Causes and Consequences of Earnings Manipulation: An Analysis of Firms Subject to Enforcement Actions by the SEC*


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    Accepted by John Wild. This paper was presented at the 1995 CAR Conference, generously supported by Alberta's Chartered Accountants through the Accounting Education Foundation of Alberta, the Canadian Institute of Chartered Accountants, the Ernst & Young Foundation, the CGA Canada Research Foundation, the Peat Marwick Thorne Educational Foundation, the Society of Management Accountants of Canada, and the University of Alberta. We thank Jim Jiambalvo and two anonymous referees for their suggestions. We also thank workshop participants at University of British Columbia, Columbia University, the Financial Decision and Control Conference at the Harvard Business School, Hong-Kong Institute of Science and Technology, University of Maryland, Ohio State, University of Pennsylvania, University of Washington, Seattle, University of Wisconsin -Madison, Southern Methodist University, Vanderbilt University, the American Accounting Association Meetings and the tenth annual Contemporary Accounting Research Conference for valuable comments. Any errors are our own We gratefully acknowledge funding by the Division of Research, Harvard Business School and a Faculty Research Grant from the University of Pennsylvania. We thank Brian Ear for diligent research assistance, I/B/E/S International Inc. for analyst forecast data and Paul Asquith and Lisa Meulbroek for providing us with short interest data.


Abstract. This study investigates firms subject to accounting enforcement actions by the Securities and Exchange Commission for alleged violations of Generally Accepted Accounting Principles. We investigate: (i) the extent to which the alleged earnings manipulations can be explained by extant earnings management hypotheses; (ii) the relation between earnings manipulations and weaknesses in firms' internal governance structures; and (iii) the capital market consequences experienced by firms when the alleged earnings manipulations are made public. We find that an important motivation for earnings manipulation is the desire to attract external financing at low cost. We show that this motivation remains significant after controlling for contracting motives proposed in the academic literature. We also find that firms manipulating earnings are: (i) more likely to have boards of directors dominated by management; (ii) more likely to have a Chief Executive Officer who simultaneously serves as Chairman of the Board; (iii) more likely to have a Chief Executive Officer who is also the firm's founder, (iv) less likely to have an audit committee; and (v) less likely to have an outside blockholder. Finally, we document that firms manipulating earnings experience significant increases in their costs of capital when the manipulations are made public.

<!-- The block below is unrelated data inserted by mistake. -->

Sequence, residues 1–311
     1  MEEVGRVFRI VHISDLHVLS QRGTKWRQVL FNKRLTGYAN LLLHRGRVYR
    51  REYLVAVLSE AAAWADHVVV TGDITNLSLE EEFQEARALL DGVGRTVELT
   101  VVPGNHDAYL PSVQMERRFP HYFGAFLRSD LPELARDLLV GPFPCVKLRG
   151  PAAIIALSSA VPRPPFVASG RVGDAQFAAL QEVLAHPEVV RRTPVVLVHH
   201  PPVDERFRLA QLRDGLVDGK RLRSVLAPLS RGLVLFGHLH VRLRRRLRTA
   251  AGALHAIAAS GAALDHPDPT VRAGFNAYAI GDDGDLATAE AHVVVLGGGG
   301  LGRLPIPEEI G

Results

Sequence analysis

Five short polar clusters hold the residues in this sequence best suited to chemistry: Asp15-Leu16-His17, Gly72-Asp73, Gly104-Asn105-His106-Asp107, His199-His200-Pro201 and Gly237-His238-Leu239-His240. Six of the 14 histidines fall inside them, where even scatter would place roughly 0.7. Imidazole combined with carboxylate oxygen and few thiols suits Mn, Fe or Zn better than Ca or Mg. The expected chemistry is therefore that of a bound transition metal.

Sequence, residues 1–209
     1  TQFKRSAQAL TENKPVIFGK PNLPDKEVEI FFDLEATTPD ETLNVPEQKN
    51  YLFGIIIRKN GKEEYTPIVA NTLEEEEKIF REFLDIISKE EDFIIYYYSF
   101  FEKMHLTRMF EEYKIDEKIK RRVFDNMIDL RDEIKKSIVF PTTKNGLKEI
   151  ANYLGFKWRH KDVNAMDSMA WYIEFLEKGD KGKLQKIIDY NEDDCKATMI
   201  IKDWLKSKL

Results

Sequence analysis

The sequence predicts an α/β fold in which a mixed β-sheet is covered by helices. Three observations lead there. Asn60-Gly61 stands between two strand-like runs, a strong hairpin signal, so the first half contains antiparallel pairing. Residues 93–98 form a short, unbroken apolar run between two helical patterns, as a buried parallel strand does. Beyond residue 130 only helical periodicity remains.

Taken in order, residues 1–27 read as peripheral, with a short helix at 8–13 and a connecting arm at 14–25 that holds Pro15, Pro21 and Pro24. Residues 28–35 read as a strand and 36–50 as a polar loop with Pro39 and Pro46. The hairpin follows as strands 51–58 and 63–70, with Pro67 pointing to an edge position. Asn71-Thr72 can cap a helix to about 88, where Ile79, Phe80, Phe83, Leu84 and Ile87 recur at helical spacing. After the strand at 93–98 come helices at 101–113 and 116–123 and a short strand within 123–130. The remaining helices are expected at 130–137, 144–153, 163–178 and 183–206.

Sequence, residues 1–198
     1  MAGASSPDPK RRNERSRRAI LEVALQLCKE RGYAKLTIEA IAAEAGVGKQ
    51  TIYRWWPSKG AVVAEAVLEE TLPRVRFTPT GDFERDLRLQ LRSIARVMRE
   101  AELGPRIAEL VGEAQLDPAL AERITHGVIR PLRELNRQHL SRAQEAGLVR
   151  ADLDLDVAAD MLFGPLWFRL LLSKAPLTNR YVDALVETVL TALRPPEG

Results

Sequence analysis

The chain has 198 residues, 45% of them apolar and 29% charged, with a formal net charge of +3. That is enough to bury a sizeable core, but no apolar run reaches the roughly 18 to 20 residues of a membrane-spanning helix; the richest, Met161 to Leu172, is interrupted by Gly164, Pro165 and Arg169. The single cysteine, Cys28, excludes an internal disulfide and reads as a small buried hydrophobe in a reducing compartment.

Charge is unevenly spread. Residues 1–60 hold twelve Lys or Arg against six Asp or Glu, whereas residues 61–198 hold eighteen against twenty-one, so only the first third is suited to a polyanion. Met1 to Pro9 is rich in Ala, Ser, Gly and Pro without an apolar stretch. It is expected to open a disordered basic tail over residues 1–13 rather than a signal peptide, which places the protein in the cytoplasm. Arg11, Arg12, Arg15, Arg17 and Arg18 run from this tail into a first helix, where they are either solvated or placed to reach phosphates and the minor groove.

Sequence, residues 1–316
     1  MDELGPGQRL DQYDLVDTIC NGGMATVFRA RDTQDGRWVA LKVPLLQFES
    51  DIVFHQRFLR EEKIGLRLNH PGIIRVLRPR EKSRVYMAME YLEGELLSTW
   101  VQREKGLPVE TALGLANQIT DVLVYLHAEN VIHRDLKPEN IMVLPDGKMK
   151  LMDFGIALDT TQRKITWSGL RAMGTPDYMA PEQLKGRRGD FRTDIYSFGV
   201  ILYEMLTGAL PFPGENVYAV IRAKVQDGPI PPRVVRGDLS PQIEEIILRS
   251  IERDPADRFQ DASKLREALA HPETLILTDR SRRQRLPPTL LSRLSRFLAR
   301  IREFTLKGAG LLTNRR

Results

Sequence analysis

Résumé. Les auteurs analysent les entreprises assujetties aux mesures d'exécution prises par la Securities and Exchange Commission dans les cas de présomption de transgression des principes comptables généralement reconnus. Ils s'intéressent aux aspects suivants de la question: i) la mesure dans laquelle les présomptions de manipulations des bénéfices peuvent être expliquées par les hypothèses existantes de gestion des bénéfices; ii) la relation entre les manipulations de bénéfices et les faiblesses des structures de régie interne des entreprises; et iii) la réaction du marché financier à l'endroit des entreprises au sujet desquelles les présomptions de manipulation des bénéfices sont rendues publiques. Les auteurs constatent qu'un incitatif majeur à la manipulation des bénéfices est le désir d'obtenir du financement externe à moindre coût. Ils démontrent que cet incitatif demeure important même après le contrôle des motifs contractuels que mettent de l'avant les travaux théoriques. Ils constatent également que les entreprises qui manipulent les bénéfices sont: i) davantage susceptibles d'avoir des conseils d'administration dominés par la direction; ii) davantage susceptibles d'avoir un chef de la direction qui joue simultanément le rôle de président du conseil; iii) davantage susceptibles d'avoir un chef de la direction qui est également le fondateur de l'entreprise; iv) moins susceptibles d'avoir un comité de vérification; et v) moins susceptibles d'avoir un bloc de titres détenus par un actionnaire extérieur. Enfin, les auteurs établissent le fait que le coût du capital, pour les entreprises qui manipulent les bénéfices, enregistre des hausses appréciables lorsque ces manipulations sont rendues publiques.